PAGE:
Mynytho and surrounding rural Llŷn
In its elevated position, Mynytho has some of the most spellbinding views of the Llŷn. Cars will regularly pull over simply to get a glance of the enthralling sight that is the St Tudwals’ islands lying like lazy turtles in the glassy ocean. Full of winding and exciting footpaths and steeped in history, Mynytho is a wonderful place to have a short break from the hustle and bustle of the modern world.
One of the most prominent features of Mynytho is a small tower which stands on top of the hill surveying the area, almost like a sibling to the tin man of Llanbedrog. Known to locals colloquially as ‘pot jam,’ the little tower is not in fact the jar where higher beings keep their marmalade, but an old windmill. The ‘jam pot’ is actually called Foel Twr and though it was never successful as a windmill thanks to the whirl of crosswinds on the hill, it has remained a focal point for visitors and locals alike over the years. The walk up to it is not an arduous one but is certainly worthwhile, as from this vantage point there are bewitching views for miles and miles around. Mynytho is a real treat for anyone into their walking, as the aforementioned footpaths are perfect for ramblers of all varieties.
Another sight of historic interest that Mynytho boasts is the memorial hall. Though it might seem strange for a village hall to be given such a status, this hall is unique because of its huge significance in the history of the struggle for recognition of Welsh culture and the Welsh language, Cymraeg. A plaque adorns the hall with an englyn –a type of poem completely unique to the Welsh language- by R. Williams Parry engraved on it, celebrating the love and shared commitment that went into its masonry and building. So significant is the memorial hall, that schoolchildren from the area study its history, along with the ground-breaking poem as part of their curriculum.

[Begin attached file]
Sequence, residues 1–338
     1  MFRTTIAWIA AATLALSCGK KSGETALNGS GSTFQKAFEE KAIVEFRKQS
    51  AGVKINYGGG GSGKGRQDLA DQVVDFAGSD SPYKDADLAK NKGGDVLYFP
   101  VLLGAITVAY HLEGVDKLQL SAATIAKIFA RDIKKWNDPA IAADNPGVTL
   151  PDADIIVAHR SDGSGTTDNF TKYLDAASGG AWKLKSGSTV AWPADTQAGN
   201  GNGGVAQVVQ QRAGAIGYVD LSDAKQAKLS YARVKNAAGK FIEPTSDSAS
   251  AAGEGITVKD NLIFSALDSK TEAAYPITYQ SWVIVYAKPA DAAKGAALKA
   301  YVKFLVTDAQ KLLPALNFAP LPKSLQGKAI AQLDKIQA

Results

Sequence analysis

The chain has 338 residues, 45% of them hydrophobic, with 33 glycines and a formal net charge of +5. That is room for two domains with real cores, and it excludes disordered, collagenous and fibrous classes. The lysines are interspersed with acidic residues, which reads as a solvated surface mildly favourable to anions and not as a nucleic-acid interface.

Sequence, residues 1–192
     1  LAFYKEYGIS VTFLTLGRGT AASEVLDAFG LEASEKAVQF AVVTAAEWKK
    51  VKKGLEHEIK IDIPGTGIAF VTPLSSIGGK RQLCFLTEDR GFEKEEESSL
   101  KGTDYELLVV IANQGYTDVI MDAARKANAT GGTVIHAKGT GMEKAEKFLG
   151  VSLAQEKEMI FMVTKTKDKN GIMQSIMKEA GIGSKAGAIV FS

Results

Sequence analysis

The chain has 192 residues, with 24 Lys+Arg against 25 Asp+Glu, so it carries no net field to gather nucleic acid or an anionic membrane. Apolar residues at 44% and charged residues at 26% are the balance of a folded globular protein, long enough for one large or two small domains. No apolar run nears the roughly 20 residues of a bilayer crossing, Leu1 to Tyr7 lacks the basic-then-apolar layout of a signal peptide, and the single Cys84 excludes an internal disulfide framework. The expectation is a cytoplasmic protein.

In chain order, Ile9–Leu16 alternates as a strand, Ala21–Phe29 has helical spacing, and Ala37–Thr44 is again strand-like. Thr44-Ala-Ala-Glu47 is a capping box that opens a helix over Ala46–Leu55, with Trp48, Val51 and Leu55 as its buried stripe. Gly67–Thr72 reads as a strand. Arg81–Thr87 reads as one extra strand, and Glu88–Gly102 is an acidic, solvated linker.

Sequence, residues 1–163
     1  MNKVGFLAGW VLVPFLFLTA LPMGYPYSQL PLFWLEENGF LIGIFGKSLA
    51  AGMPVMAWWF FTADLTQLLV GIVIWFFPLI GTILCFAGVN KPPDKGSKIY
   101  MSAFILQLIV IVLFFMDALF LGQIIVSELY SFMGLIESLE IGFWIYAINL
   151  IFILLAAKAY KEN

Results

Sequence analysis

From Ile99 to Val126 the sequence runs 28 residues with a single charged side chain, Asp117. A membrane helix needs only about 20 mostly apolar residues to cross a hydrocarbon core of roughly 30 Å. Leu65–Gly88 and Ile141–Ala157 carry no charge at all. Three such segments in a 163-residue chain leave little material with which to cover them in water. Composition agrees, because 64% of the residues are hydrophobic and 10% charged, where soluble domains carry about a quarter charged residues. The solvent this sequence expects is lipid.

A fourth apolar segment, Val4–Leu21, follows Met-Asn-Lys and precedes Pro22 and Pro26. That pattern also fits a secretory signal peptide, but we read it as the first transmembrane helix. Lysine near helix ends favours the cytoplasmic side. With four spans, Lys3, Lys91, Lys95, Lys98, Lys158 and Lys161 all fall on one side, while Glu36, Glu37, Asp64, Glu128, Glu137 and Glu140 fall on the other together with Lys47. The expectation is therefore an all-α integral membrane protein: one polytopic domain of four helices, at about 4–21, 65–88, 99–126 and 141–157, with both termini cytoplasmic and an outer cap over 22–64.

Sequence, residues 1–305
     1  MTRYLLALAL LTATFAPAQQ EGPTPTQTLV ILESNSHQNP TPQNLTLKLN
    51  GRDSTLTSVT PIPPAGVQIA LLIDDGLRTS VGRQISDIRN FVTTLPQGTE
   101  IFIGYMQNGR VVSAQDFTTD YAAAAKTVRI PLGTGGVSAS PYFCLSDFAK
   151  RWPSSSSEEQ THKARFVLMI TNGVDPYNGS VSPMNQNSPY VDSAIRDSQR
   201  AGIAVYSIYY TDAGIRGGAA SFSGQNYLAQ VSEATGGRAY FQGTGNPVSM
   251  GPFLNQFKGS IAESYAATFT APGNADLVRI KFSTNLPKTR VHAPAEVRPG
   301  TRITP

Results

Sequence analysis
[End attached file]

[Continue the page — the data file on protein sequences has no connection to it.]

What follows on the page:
Mynytho is just one of the many villages of rural Llŷn; the whole area is a plethora of stunning views and cultural history. Dotted around the patchwork of green fields are locations that could rival any foreign holiday destination with their closeness to the beach, vantage point for incredible views, and refuges for tranquillity. A few days on the Llŷn is as beneficial as any spa break! Highlights include Aberdaron, often dubbed ‘pen draw’r byd’ which translates as ‘end of the world,’ and is the last stop before the infamous Ynys Enlli (Bardsey Island) and Porthdinllaen whose unique on-beach pub, the Ty Coch was recently voted third best beach bar in the world. There is also Rhiw, home to a National Trust manor house whose grounds are transformed by nature’s hand into a first a blanket of pure white snow drops in the early days of Spring, then a halcyon quilt of tinkling blue bells later on in the year.
Every corner of the Llŷn is magical and unique. From quaint village potteries, to beach pubs, to coves of teeming rock pools; there is simply nowhere quite like it.